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December 3, 2018

"21 Principles for the 21st Century Prosecutor"

The title of this post is the title of this notable new report from the folks at Fair and Just Prosecution, Brennan Center for Justice, Emily Bazelon, and The Justice Collaborative.  Here is its introduction:

Prosecutors are charged with addressing violations of criminal law and promoting public safety. In carrying out these responsibilities, they must also bear in mind their role as ministers of justice and consider the rights, needs, and interests of all members of their community — including victims and individuals who are charged with criminal conduct.

Prosecutors wield enormous influence at every stage of the criminal process, from initial charging decisions to the sentences sought and imposed Along the way, they often control decisions about plea bargains and whether mandatory minimum sentences will be triggered, and thus greatly impact whether (and for how long) defendants remain in jail and prison.

Over the last four decades, the total incarcerated population in the United States has quintupled, to 2.2 million, or nearly 1 out of 100 adults. About 10.6 million people cycle in and out of jail each year.  While the causes are complex, it’s clear that punitive policies have contributed to the incarceration build-up.  These policies have included the war on drugs, over-policing of poor and minority communities, and harsh directives from legislators, like mandatory-minimum sentencing laws.  Putting so many people behind bars imposes great costs and burdens on them, their families, and our country.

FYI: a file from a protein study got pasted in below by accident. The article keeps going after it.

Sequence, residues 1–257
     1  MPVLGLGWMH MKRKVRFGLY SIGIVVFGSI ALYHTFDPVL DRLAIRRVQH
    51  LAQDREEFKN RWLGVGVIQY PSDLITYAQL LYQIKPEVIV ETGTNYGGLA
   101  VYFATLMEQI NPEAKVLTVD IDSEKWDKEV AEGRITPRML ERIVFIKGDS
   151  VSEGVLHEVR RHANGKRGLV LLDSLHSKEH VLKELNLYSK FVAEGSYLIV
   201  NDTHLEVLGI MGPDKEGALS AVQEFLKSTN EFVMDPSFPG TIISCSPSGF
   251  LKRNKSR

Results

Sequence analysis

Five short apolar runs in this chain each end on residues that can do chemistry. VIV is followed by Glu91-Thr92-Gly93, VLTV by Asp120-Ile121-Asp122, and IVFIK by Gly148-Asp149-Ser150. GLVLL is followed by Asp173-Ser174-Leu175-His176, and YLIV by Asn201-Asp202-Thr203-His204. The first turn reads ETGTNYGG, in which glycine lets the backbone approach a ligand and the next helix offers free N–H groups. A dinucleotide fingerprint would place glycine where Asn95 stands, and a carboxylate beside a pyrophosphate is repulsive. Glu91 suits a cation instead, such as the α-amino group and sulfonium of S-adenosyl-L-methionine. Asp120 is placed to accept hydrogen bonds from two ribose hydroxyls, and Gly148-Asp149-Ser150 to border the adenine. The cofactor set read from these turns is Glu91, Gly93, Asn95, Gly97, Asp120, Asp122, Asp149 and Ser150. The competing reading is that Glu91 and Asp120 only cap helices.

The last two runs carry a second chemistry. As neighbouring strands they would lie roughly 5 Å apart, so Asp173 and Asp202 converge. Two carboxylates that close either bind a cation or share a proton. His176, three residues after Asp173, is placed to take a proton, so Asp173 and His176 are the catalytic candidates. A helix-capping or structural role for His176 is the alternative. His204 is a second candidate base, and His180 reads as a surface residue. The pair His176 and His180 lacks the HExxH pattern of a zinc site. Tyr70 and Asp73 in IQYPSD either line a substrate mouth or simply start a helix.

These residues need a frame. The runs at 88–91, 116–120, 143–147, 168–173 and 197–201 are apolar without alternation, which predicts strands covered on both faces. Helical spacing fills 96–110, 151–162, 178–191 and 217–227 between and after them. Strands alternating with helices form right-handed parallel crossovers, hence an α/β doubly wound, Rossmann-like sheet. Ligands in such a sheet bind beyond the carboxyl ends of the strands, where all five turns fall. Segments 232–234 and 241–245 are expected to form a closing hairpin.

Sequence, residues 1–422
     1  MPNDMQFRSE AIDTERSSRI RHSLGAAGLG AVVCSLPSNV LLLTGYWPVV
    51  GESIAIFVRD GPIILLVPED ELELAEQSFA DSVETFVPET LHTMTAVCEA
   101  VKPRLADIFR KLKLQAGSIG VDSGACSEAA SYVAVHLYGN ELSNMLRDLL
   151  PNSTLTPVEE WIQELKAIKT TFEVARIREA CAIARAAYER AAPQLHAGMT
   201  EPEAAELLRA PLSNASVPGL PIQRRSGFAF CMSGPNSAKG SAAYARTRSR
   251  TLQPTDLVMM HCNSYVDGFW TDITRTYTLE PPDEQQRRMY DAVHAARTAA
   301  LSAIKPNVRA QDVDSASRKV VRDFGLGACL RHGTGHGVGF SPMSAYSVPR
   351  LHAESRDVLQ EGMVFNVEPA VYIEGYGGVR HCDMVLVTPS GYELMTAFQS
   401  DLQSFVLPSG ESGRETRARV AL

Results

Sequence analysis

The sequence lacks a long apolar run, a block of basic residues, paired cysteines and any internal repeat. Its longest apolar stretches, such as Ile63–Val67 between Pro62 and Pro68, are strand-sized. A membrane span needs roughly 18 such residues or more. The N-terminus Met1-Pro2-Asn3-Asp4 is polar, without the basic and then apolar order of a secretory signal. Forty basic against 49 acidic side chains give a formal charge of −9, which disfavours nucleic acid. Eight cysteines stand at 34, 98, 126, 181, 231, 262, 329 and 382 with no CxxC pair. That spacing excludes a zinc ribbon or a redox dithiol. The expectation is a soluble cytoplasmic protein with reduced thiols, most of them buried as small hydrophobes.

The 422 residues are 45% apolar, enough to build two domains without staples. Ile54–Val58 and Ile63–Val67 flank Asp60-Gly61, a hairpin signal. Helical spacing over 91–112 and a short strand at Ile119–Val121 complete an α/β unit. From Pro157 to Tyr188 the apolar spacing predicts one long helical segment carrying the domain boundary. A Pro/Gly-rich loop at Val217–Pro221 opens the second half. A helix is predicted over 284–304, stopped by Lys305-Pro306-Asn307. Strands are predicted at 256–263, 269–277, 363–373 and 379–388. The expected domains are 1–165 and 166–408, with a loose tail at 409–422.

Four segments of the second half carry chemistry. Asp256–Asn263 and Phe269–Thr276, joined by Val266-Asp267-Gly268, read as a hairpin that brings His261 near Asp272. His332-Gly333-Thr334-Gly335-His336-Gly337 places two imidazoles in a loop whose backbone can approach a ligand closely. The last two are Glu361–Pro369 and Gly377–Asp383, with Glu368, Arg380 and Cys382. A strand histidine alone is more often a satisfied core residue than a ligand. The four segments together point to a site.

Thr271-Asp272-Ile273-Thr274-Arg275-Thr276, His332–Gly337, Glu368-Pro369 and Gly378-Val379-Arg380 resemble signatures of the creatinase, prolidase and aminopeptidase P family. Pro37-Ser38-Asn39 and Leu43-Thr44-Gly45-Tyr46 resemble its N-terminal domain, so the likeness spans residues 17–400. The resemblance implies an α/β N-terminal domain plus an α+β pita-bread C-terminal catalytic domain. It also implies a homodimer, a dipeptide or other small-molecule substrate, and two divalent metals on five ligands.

In recent years, the role of prosecutors has received increasing attention.  Given their powers, prosecutors are well positioned to make changes that can roll back over-incarceration.  They can use their discretion to improve the overall fairness and efficacy of the criminal justice system and champion priorities that improve the safety and well-being of our communities.

Fairness is paramount It helps achieve the mission of public safety by building trust, which in turn aids police and prosecutors in solving crime The 21 principles below offer practical steps prosecutors can take to transform their offices, and collectively, their profession.

The principles include examples of innovative endeavors by prosecutors around the nation, not necessarily as endorsements, but as illustrations of new approaches.  We recognize that prosecution is local, and some of these recommendations and examples won’t be suited to all jurisdictions.  We nonetheless hope that these ideas generate conversation, creative thinking, and change.

The central aspiration of these principles is at once simple and profound: that prosecutors will adopt a new and bold 21st Century vision for meting out mercy and justice.

December 3, 2018 at 05:03 PM | Permalink


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